Interactive digital experiences? Smart ecommerce platform? Real-time content personalization? Monolithic CMSs that operate with templates and a one-way flow of content cannot deliver these types of interactions. If your website is a platform where you strive to build creative new customer-first experiences, you need to build it on a flexible, composable, headless CMS.
5. Enterprise-Level Security is a Must
Organizations that collect consumer data to create personalized experiences, especially ones that do so on an international scale, need to keep that data secure. Thanks to a monolithic structure and plugins, traditional CMSs have a larger attack surface than headless CMSes, where the separated front and back ends shrink opportunities for a security breach.
You May Need A Traditional CMS if…
1. Your Main Priority in a Website Is Usability
If your business’ website hardly needs any personalization, you don’t plan on changing its features or functionality and your biggest priority is that it’s fast and easy for you to add content every once in a while, a traditional CMS is the way to go. With a traditional CMS you’ll get the benefit of templates, built-in content management features and security right out of the box.
2. Access to Development Support Is Limited
Not every organization can or wants to have technology experts on the payroll. Traditional CMSes were intended to cater to low-tech business users, making them a perfect fit in this case.
3. Omnichannel Digital Experiences Are Not Part of Your Business Model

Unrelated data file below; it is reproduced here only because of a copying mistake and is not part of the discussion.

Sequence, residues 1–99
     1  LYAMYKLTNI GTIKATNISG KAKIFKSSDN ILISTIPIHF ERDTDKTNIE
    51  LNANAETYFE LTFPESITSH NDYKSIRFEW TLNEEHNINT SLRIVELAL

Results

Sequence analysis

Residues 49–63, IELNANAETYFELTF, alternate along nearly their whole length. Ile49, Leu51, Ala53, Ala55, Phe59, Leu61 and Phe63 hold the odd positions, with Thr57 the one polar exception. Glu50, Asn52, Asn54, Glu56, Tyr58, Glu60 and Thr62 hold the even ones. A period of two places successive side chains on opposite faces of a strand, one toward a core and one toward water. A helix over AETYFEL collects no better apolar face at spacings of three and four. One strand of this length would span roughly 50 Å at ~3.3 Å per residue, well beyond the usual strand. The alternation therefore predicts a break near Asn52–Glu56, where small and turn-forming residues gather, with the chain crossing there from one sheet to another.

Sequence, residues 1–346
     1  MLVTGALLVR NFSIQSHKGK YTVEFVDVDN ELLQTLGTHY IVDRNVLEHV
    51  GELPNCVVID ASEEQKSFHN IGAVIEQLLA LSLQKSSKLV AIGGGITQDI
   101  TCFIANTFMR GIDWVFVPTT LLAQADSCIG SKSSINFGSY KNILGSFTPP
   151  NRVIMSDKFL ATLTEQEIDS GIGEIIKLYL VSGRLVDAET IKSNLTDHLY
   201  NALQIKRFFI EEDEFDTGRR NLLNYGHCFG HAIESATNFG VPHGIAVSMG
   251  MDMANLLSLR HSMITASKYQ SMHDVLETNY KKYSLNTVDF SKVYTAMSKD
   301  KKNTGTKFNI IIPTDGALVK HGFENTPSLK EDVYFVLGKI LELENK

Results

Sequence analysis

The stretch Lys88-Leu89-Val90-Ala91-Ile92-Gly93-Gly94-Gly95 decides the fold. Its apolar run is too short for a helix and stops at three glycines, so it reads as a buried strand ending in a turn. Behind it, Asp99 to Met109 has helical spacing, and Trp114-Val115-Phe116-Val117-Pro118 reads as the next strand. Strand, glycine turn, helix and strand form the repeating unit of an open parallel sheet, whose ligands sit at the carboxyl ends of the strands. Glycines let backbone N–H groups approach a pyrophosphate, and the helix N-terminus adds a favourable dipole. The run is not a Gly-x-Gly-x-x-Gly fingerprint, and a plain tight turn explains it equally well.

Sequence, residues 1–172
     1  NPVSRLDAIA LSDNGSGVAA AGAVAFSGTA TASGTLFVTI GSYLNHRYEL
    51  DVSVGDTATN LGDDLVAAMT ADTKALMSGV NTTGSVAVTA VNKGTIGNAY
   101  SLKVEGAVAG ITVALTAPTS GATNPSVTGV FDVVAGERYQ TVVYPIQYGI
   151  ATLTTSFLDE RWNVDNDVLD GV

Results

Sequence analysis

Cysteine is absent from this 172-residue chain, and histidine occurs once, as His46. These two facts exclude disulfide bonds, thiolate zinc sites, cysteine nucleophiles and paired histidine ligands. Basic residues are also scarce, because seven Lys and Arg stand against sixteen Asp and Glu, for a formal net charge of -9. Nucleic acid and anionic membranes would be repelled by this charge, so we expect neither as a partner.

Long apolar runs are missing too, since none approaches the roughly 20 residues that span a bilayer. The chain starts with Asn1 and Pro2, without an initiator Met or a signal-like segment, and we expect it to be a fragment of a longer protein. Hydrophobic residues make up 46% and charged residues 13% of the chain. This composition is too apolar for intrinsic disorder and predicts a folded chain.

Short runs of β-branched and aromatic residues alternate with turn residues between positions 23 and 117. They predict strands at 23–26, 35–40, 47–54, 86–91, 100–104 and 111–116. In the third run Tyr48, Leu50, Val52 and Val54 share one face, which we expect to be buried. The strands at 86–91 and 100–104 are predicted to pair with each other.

Just like every organization doesn’t need on-call developers, many small businesses also don’t have omnichannel, content-driven experiences built into their marketing plans or business models. If you don’t need all the extra flexibility and integration capabilities that headless CMS platforms include, a traditional CMS might meet your business needs.
Here are other CMS articles we think you'll find useful.
Ultimate Guide to CMS Vol. 1: CMS Comparison and Architectures
In this ebook series vol. 1 of 3, we will discuss the following topics: What is a headless CMS? What is a decoupled CMS? The architectural differences between CMSes.
The Ultimate Guide to CMS Vol. 2: Content Management Systems Pros and Cons
In this ebook series vol. 2 of 3, we will discuss major advantages and disadvantages of a traditional CMS vs. a headless CMS.
The Ultimate Guide to CMS Vol. 3: Use Cases for Headless Content Management Systems
In this ebook series vol. 3 of 3, we will cover seven of the most popular use cases for leveraging a headless CMS.